"But, O Martin, 'twill make such dire mess and this our larder!"

    "No matter, I'll clean it up. Howbeit I must learn whence cometh this cold-breathing air. Besides, the fire shall cook our supper and moreover--"

    But here I checked speaking all at once, for above the dismal groans and wailing I had heard a sudden fierce whispering:

    "O Martin, O Martin!" sighed my companion, "We are not alone-- somewhere there are people whispering! Did you hear, Martin, O did you hear?" And I felt her all of a-tremble where she leaned against me.

    "'Tis gone now!" says I, speaking under my breath.

    "But 'twas there, Martin--a hateful whispering."

    "Aye, I heard it," says I fierce and loud, "and I'll find out who or what--"

    "Who or what!" hissed a soft voice. Hereupon I sheathed the knife I had drawn and laughed, and immediately there came another laugh, though very soft.

    "Ahoy!" I shouted, and presently back came the answer "Ahoy!" and then again, though much fainter, "Ahoy!" "'Tis nought but an echo," says I laughing (yet mighty relieved all the same).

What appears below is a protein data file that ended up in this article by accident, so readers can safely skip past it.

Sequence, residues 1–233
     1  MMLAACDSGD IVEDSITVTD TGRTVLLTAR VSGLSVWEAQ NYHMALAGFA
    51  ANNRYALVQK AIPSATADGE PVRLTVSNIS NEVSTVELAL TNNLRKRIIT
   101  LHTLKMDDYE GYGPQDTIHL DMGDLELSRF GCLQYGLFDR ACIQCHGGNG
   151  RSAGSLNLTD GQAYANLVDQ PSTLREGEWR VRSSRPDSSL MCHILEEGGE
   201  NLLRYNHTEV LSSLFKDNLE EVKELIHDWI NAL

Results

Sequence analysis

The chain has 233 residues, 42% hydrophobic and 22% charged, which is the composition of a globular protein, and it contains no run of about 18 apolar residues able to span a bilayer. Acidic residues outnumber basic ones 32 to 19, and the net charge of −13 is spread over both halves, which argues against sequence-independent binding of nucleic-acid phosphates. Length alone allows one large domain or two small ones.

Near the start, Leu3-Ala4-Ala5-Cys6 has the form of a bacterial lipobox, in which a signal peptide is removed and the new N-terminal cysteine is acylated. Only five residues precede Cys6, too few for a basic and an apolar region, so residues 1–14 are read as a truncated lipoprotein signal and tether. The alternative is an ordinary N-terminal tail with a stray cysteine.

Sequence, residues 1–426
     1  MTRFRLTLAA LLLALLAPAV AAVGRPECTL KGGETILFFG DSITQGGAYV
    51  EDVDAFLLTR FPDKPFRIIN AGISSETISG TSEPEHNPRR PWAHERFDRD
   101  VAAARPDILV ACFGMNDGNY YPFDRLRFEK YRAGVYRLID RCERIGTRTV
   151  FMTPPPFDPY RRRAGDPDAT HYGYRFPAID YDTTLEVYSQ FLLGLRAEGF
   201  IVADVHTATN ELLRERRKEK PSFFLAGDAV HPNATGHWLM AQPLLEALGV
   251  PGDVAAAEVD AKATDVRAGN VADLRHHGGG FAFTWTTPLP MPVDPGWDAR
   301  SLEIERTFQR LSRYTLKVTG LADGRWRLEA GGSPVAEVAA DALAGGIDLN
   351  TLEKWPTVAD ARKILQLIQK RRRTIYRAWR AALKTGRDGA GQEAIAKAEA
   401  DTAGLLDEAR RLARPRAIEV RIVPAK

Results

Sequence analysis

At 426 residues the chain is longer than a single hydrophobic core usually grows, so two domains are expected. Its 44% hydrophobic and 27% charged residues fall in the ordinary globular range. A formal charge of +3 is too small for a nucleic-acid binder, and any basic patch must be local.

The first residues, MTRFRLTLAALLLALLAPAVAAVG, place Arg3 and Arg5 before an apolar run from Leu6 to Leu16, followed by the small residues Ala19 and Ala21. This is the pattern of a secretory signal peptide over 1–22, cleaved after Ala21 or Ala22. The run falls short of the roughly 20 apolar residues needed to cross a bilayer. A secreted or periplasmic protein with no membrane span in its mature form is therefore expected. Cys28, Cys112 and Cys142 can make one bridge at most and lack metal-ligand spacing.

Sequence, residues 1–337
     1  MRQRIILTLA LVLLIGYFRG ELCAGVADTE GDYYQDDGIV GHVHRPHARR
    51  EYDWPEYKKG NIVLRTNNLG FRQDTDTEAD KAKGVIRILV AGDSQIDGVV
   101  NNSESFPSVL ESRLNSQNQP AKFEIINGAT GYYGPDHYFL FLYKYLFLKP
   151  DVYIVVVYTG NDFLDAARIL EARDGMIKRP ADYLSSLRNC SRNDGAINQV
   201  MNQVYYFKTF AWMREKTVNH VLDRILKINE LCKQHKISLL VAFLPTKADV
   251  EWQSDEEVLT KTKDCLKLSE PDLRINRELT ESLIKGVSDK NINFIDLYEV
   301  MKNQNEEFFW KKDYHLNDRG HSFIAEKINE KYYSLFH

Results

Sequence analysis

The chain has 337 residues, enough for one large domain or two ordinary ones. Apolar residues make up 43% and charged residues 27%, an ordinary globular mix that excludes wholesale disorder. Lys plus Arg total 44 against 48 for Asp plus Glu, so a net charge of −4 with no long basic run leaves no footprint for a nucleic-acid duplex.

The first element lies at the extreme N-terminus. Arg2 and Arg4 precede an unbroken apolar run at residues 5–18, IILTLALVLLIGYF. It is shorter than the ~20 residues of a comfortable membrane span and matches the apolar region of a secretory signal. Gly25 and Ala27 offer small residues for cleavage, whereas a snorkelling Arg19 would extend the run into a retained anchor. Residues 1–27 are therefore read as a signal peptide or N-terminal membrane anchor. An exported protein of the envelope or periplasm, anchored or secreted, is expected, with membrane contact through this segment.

"Thank God!" says she faintly, and would have fallen but for my arm.

    "Why, comrade, how now?" says I; and for a moment her soft cheek rested against my leathern jerkin.

    "O Martin," says she, sighing, "I do fear me I'm a monstrous craven--sometimes! Forgive me!"

    "Forgive you?" says I, and looking down on her bowed head, feeling her thus all a-tremble against me, I fell a-stammering, "Forgive you, nay--where--here was an unchancy thing--'tis small wonder--no wonder you should grow affrighted and tremble a little--"

    "You are trembling also," says she, her voice muffled against me.

    "Am I?"

    "Yes, Martin. Were you afraid likewise?"

    "No--Yes!" says I, and feeling her stir in my hold, I loosed her.

    And now, bringing fern and bracken from my bed I kindled a fire and, damping this a little, made a smoke the which, rising to a certain height, blew back upon us but always from the one direction; and peering up thither I judged here must be a space 'twixt the roof and the face of the rock, though marvellous well- hid from all observation. Hereupon, the place being full of smoke I must needs stamp out the fire lest we stifle; yet I had discovered what I sought. So whilst my companion busied herself about supper, I dragged our table from the outer cave, setting it in a certain corner and, mounted thereon, reached up and grasped a ledge of rock by which I drew myself up and found I was in a narrow opening or tunnel, and so low that I must creep on hands and knees.